3. Can the defense be trusted? That’s the million dollar question. For the better part of the eight-game slide, the back four actually hasn’t been all that bad (eight goals allowed in the seven games prior to last week). They haven’t been great. But they’ve been decent, save for last week’s goal giveaway promotion. With the Goats in town, this could be the perfect opportunity for the defense to reassert itself. An opportunity to reclaim the “Gillette Stadium is a fortress” tag. To say, “Back Four Clan ain’t nothin’ to mess with.” This is a statement game – not just for the team as a whole. For the backline, this is the opportunity to exercise the demons that haunted them in Columbus help the club do something it hasn’t done in nearly two months: win.

4. Will we see Benny Feilhaber pushed out wide again? Given how he looked on Saturday, it would seem to make sense. All the things posted on his resume came to fruition at Crew Stadium. He found teammates, his form out wide sharpened the attack and, yep, he played with a little bit of edge. Good edge, of course, not the customary “please give me a yellow” edge. At the same time, let’s not forget: Feilhaber started the first chuck of the season out wide, and was, to put it mildly, a shell of his former self. OK, National Team self. So Heaps stationed him in the center, where he almost instantly thrived in a 2-0 win over Chicago. But as his responsibility became more defensive in nature, it was clear he needed a change – a change that worked well last week, and should help the attack on Wednesday.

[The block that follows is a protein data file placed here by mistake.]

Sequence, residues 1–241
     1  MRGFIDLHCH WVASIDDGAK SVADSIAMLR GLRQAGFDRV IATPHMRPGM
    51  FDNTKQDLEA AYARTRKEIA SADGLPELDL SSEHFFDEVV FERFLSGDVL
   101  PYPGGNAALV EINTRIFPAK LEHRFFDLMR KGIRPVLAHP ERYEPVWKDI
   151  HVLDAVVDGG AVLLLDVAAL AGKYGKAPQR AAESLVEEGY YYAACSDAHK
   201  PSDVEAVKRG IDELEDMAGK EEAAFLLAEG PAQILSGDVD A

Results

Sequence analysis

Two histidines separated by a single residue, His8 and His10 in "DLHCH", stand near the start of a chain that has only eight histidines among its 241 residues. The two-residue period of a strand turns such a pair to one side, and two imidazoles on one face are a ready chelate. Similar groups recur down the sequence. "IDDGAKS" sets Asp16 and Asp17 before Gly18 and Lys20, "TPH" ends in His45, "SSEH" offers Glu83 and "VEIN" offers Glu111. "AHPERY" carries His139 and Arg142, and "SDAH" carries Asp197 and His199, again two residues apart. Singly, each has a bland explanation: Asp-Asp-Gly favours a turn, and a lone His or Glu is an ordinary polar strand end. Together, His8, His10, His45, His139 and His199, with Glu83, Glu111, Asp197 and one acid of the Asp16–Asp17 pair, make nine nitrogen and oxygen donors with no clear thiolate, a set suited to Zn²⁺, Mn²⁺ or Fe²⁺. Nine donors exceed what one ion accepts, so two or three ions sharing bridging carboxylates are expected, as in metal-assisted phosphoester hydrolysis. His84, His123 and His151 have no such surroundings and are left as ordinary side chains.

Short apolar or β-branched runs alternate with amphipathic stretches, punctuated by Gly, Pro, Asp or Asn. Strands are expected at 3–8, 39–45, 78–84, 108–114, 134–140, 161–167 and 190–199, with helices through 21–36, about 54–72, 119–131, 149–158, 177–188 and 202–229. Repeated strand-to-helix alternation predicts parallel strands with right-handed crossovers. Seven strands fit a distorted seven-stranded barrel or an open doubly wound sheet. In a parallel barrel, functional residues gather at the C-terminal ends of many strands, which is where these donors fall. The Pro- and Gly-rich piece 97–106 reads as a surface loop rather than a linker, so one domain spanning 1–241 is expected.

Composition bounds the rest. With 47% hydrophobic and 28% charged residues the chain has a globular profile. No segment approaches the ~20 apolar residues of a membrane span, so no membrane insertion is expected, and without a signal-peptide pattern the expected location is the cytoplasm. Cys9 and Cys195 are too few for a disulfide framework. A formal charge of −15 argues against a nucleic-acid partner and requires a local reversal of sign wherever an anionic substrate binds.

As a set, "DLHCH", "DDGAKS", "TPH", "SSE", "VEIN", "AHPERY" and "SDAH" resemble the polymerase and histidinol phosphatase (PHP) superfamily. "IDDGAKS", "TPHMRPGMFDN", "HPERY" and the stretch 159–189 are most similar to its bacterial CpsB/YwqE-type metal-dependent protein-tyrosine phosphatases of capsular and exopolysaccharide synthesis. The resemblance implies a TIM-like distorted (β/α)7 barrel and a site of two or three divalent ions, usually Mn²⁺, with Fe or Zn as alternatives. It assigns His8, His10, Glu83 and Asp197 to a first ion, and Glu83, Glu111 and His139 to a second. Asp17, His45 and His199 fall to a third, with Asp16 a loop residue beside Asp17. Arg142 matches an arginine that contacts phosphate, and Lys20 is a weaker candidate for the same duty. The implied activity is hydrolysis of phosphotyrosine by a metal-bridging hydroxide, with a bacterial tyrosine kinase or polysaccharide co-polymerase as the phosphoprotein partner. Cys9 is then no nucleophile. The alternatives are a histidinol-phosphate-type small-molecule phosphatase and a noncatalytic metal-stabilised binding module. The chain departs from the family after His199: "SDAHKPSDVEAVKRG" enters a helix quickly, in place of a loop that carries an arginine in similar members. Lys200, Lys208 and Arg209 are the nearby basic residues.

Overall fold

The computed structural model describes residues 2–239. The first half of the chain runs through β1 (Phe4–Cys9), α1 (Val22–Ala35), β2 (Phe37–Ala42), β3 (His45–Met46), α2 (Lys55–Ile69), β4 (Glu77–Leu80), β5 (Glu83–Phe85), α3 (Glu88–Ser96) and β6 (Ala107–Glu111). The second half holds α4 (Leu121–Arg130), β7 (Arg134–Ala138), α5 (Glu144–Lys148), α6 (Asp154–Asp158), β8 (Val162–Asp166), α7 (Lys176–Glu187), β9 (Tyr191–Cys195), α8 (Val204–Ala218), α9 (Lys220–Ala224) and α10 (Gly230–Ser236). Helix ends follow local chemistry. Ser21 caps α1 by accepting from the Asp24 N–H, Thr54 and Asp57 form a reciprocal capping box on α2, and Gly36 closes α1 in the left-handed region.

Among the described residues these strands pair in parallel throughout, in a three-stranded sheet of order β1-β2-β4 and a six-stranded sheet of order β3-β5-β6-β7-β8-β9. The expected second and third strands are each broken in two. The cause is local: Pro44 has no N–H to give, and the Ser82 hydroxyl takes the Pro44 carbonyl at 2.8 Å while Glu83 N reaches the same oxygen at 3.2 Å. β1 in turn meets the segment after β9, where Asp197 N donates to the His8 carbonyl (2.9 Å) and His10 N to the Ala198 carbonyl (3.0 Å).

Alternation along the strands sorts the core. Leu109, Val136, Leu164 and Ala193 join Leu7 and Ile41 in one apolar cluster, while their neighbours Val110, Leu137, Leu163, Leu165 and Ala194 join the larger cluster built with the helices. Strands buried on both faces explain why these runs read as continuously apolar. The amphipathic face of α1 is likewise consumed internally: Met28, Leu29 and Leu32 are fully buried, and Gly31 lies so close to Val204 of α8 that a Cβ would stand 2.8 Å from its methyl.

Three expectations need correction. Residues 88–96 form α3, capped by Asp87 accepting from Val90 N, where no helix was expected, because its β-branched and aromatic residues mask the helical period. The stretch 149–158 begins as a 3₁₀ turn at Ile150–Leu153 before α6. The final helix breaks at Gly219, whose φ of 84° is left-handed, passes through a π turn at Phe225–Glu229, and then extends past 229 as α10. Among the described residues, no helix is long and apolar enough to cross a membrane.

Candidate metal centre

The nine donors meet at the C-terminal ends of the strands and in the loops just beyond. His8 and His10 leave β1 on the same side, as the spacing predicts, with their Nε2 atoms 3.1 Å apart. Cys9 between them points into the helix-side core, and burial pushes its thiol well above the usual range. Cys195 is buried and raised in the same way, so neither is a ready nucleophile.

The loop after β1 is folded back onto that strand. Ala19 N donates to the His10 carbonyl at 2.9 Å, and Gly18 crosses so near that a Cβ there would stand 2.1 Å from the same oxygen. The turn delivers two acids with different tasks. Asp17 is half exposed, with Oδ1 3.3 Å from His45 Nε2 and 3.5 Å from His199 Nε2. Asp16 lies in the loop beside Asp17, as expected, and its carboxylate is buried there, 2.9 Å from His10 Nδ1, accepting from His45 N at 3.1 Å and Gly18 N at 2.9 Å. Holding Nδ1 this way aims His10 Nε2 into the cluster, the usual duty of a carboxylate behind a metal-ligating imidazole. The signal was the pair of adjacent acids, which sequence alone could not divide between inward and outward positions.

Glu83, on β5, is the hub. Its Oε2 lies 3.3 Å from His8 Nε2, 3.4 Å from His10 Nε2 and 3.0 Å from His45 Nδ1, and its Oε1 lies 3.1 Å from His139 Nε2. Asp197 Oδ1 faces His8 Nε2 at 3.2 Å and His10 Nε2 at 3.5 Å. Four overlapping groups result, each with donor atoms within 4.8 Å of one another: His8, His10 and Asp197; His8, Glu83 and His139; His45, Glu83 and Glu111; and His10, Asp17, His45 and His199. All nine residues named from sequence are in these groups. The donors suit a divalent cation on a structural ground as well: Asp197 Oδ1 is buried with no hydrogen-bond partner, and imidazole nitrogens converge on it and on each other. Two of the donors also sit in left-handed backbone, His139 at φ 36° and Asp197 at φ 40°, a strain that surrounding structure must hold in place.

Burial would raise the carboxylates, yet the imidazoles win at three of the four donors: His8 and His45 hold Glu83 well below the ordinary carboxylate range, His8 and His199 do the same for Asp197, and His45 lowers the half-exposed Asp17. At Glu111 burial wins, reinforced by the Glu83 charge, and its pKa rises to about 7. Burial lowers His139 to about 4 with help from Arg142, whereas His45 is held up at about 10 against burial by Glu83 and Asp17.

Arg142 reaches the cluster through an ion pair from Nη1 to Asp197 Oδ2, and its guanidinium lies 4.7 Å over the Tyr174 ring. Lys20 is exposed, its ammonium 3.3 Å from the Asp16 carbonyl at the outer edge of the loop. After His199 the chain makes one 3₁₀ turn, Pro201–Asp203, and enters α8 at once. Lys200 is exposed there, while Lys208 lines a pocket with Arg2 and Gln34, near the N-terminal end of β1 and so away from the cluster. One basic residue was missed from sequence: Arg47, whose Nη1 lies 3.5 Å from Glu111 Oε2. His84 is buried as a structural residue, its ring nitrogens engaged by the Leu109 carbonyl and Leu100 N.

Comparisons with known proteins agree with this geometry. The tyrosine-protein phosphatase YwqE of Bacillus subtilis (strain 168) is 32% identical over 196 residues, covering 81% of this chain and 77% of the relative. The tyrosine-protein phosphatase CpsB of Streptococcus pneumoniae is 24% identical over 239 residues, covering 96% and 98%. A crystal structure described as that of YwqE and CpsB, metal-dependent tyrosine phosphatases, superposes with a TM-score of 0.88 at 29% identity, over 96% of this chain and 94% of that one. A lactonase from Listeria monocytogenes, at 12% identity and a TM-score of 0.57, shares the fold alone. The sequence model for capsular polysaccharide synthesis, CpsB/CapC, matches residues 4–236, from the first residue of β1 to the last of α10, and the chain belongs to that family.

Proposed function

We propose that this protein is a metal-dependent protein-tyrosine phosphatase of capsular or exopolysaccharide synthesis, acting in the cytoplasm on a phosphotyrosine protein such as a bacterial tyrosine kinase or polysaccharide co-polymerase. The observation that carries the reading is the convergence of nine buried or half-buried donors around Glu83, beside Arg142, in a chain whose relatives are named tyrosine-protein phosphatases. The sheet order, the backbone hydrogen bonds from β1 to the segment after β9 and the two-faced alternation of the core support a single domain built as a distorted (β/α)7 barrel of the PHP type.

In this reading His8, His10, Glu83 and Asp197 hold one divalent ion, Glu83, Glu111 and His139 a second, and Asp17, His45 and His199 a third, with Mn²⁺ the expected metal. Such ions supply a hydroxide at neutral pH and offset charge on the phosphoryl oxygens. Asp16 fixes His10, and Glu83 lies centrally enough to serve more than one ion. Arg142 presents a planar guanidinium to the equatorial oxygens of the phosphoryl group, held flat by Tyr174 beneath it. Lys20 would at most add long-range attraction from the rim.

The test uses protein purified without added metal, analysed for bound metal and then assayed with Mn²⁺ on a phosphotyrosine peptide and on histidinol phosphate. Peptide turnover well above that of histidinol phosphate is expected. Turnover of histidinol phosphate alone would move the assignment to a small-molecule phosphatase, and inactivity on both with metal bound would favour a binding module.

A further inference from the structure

5. Who has to step up? Given the flurry of emotions surrounding the mid-week affair, it has to be Clyde Simms. No doubt. Paired up against his former midfield partner, the veteran center half has to be at his strongest. He has to be resilient, stubborn and stingy. But he has to be careful to stay within himself. After all, he’s not Joseph, nor should he try to be. But with Joseph ready to drive a stake into the heart of his former club (figuratively, of course), the call to arms falls on Simms. He has to be the one to set the tempo. To get his teammates on the same page. To stand tall against a Chivas 11 that’s just as thirsty for points as the Revolution. It’ll be a challenge – a challenge that  Simms must ante up his game to meet.